Let's talk about what you see when you look through the viewfinder. So first of, the frame that you get to see, well, that is 100% accurate and that's always good to know that you are framing your subject accurately. You'll see a variety of focusing frames. You can move these focusing frames around with a little control pad on the back of the camera. You can change the size, we'll talk more about that when we get to the auto focus section. There's a face tracking that looks a little bit different and then when it does achieve and lock in its focus, it'll turn green in color. We have great lines that it can be turned on. There's a variety to choose from depending on what your needs are, and this could just be helpful for compositional reasons. And so there's actually going to be two things that you need to do in the menu system if you do want to see this. One, is you have to choose which you one you want, which would be the framing guideline. And then you'll need to go into Display cust...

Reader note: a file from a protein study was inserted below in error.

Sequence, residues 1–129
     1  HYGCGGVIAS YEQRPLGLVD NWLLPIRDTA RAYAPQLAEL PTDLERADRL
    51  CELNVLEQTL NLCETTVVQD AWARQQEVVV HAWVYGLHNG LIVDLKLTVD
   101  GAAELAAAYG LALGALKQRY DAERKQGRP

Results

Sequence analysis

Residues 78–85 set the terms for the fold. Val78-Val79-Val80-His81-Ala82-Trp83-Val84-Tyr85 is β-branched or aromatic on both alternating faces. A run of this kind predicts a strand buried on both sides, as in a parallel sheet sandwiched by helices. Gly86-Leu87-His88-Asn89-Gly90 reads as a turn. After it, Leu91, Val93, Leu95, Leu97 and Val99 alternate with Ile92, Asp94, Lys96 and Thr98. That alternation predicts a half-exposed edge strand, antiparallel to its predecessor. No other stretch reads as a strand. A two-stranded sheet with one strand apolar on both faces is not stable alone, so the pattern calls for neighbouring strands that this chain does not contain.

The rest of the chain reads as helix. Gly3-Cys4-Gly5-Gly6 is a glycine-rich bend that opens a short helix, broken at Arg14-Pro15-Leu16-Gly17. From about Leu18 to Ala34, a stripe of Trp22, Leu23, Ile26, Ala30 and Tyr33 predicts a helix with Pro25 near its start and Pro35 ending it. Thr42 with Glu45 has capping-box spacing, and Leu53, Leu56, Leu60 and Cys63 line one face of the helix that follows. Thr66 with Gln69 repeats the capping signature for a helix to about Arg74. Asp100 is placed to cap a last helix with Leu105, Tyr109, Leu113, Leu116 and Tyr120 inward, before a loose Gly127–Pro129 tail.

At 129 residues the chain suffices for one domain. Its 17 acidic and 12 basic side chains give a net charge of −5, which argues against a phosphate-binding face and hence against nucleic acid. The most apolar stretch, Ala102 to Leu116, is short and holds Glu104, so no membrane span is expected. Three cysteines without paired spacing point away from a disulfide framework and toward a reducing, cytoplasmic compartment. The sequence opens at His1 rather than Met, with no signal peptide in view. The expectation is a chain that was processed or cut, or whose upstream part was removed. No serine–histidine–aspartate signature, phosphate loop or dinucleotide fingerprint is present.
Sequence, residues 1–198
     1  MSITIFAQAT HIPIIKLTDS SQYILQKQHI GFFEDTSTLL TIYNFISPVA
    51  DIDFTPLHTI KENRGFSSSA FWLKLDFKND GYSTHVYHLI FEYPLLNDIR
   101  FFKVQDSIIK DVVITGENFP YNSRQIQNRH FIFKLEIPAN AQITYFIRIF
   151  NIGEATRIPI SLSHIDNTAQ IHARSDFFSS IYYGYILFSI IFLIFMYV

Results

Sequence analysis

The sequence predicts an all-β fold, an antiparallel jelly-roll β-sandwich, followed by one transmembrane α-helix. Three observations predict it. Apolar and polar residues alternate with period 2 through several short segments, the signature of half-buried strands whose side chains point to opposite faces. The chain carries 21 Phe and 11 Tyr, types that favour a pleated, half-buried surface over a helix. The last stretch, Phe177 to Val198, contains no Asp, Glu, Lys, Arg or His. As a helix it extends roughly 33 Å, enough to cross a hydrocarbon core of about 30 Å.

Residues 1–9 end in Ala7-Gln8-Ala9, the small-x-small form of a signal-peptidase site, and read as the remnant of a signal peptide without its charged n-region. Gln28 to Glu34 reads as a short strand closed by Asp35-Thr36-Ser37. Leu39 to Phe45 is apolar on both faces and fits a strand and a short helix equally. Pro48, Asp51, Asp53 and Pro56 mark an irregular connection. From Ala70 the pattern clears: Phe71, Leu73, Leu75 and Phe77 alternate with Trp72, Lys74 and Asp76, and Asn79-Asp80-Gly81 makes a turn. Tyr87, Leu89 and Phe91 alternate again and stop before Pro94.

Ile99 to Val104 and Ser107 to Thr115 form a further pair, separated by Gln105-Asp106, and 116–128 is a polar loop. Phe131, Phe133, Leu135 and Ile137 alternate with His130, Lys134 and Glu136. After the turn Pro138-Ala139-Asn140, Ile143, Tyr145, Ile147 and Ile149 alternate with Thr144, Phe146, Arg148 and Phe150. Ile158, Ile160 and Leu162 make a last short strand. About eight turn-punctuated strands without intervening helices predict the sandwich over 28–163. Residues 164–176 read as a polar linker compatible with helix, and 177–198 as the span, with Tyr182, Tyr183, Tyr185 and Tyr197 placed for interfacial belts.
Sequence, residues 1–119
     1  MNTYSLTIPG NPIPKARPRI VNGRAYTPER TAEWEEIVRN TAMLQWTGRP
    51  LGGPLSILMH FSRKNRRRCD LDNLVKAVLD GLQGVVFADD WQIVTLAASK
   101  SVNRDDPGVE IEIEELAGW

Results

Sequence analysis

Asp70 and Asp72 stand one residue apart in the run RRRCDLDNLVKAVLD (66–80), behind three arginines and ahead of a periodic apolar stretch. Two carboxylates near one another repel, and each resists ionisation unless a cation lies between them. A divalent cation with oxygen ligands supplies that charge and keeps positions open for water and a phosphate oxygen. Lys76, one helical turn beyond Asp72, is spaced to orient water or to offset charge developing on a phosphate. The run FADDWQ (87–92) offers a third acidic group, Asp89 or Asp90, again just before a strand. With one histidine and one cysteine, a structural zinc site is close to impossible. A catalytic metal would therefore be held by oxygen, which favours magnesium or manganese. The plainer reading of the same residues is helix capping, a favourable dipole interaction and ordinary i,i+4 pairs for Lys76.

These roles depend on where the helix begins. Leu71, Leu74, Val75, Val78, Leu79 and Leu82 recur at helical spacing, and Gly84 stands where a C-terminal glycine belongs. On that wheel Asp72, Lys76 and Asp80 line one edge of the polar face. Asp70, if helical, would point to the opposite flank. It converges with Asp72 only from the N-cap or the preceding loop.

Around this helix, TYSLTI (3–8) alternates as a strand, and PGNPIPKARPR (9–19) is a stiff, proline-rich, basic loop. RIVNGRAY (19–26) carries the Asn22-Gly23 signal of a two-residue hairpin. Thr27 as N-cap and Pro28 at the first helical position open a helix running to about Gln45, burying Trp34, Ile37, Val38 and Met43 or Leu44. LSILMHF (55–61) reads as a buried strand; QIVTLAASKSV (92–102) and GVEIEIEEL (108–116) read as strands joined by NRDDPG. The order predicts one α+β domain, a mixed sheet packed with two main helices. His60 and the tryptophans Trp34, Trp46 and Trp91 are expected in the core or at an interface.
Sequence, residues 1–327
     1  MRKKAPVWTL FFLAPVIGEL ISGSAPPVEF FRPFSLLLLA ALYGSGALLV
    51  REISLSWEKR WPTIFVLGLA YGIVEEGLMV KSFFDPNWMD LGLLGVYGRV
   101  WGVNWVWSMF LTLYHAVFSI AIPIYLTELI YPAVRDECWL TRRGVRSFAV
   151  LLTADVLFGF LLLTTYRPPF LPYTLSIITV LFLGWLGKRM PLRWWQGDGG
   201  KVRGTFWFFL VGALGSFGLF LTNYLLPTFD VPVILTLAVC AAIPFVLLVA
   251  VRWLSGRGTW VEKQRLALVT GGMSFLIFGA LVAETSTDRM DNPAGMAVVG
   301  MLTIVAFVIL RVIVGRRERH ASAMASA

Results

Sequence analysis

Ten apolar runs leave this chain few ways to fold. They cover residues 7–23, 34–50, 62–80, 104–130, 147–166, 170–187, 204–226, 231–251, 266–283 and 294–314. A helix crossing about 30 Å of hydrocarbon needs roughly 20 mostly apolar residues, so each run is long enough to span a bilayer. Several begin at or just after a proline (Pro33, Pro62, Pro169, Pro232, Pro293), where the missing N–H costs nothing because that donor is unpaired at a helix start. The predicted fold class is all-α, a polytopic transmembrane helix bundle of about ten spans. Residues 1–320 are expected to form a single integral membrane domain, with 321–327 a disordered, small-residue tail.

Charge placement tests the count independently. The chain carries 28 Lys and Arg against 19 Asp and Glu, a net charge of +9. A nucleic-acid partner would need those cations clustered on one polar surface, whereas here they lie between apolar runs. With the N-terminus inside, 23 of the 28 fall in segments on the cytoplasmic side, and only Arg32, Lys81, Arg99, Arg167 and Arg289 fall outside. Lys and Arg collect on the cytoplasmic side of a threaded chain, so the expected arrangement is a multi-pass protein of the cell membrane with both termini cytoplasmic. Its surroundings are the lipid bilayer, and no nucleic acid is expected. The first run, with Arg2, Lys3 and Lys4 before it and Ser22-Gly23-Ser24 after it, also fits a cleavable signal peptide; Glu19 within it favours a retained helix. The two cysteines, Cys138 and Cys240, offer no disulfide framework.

om settings and give a little checkmark that you do actually want to see the grids that you have previously selected in the other section. There's an electronic level which tells you if you have tilted the camera, and so this can be very helpful to people who don't hold the camera in a proper level plain. And so it's something that can be turned on and off and turns into a green line when you get it correctly done. And so this is another feature that can be turned on and off. And my general philosophy is, clean up the clutter, get rid of all the stuff, unless you specifically need it for something. Expose your information down along the bottom, is of course critical when you're setting your exposures. You'll see your shutter speeds, your f-stops also known as your apertures. And as a mentioned before, be aware of red settings that mean that there's some sort of warning and a blue one which indicates that you're manually setting something. And, you know, I think I said I was going to show you that and didn't from before, so let me go back and do a little demo on that one. So I'm going to put my camera in aperture priority right now. So the camera is going to figure out…actually, let's do it the other way around. I want to set shutter priority and I'm choosing shutter speeds. Turning the camera on always helps, remember that. All right, let's zoom in on our Prop Table over here. All right, so if I set a reasonable shutter speed like a 30th of a second, my camera says, "I need an aperture of 5.0 to get a proper exposure." And as I go down to slower shutter speeds, it changes the aperture. If I go to too faster shutter speed, it's going to turn to red, which indicates it needs…it's limited by 4.0 and it actually needs to go beyond it and it can't do it. You can see that the ISO is in white, which is automatically being controlled. My shutter speed is in blue because I'm physically changing that myself. And if I take a photo here, I've got the warning that this picture is not quite right and actually probably having…. I can't see, where is my ISO? So 30 to...how did that come out? Let's take a look at the picture. Yeah, that's a little bit dark in my opinion, and so that's because I did not have an aperture wider than F-4. And so if I was using this camera in reality and I was trying to set my shutter speeds, I would say, "Ooh, this aperture is not wide enough for it. I got to change this until it stops being red, right there at 30th of a second." Now this can also happen at the other end of the spectrum. I don't know if can go that long. I would have to go down to the T setting, and control my shutter speeds back here. Let's go into a really long shutter speed like four seconds. And F-22 is not small enough, and so I got to bring this back, back into the range where it's white. And so be warned of anything that's in red, whether it's on the back of the camera or in the viewfinder itself. The Exposure Indicator, over on the left, we've already talked about that. Normally, you kind of want that near the zero mark. You'll adjust from there as necessary. The histogram is a graphic display of the brightness of your subject, and so this can be very helpful for making sure that you have the correct brightness. This can be turned on and off in your Display custom settings. We'll get into that more in the menu section. What type of recording information? Are you shooting RAW? Are you shooting JPEG? What sort of movie settings do you have set? You'll see that there in the top right. And one of my features on Fuji is the distance indicator. And so this will show you a white mark where you're focused at and a blue depth of field scale. And this is the best part, it changes as you focus the lens and as you zoom the lens. It's going to show you your real-world depth of field that you're going to get, and so it's a very, very hand tool to have. I'm not going to go through every different thing that you're going to see up here but there is a few other things that you'll notice. You'll see the date up there. You'll see focus settings down at the bottom. The green indicates that's its focus-achieved. That might be blinking if it's working. On achieving focus, you might get a warning that the camera just can't track-focus on something, there's not enough contrast. All right, there will be a big AF with an exclamation mark. Now how many of these things do you see in there? Well, that's going to depend on how many you set up in the custom settings for the display. And so you'll be able to have a little check box for almost every little item, whether you want to look at the date or not, would you want to look at the focusing information or not. So it's a very, very highly customizable camera. A lot of viewing options on here. All right, we do have a touchscreen on this. And so there's a variety of options when it comes to the touchscreen depending on what you wanted it do. The first option is the finger shot, which means you can use it to shoot photos with just the touch of the LCD. It's not going to focus, it's just kind of like a different shutter release on the camera. You can move the focusing point around and focus, or you can just move the focusing point, or you can turn everything off if you want to, and what you do is you simply just touch that shut button and that will vary depending on which mode you are in. Now, you can turn off the touch mode completely in the menu setting if you want to. And you will change all that by just simply touching that little touch tab. The Display back button is going to be used for two different thing. One, is your displays. And so you can change between standard information often and full display by simply repeatedly hitting that button. It's also used as a back button when we're in the menu system to back up when we've gone into a menu system and we want to back out of it without making any further changes. But when you're normally just looking through the viewfinder, whether it's the viewfinder or the LCD on the back of the camera, just hit the Display button and you'll get these different options. Once again, I like cleaning up the clutter, but sometimes you need information, so you'll often be cycling back and forth between the different options available.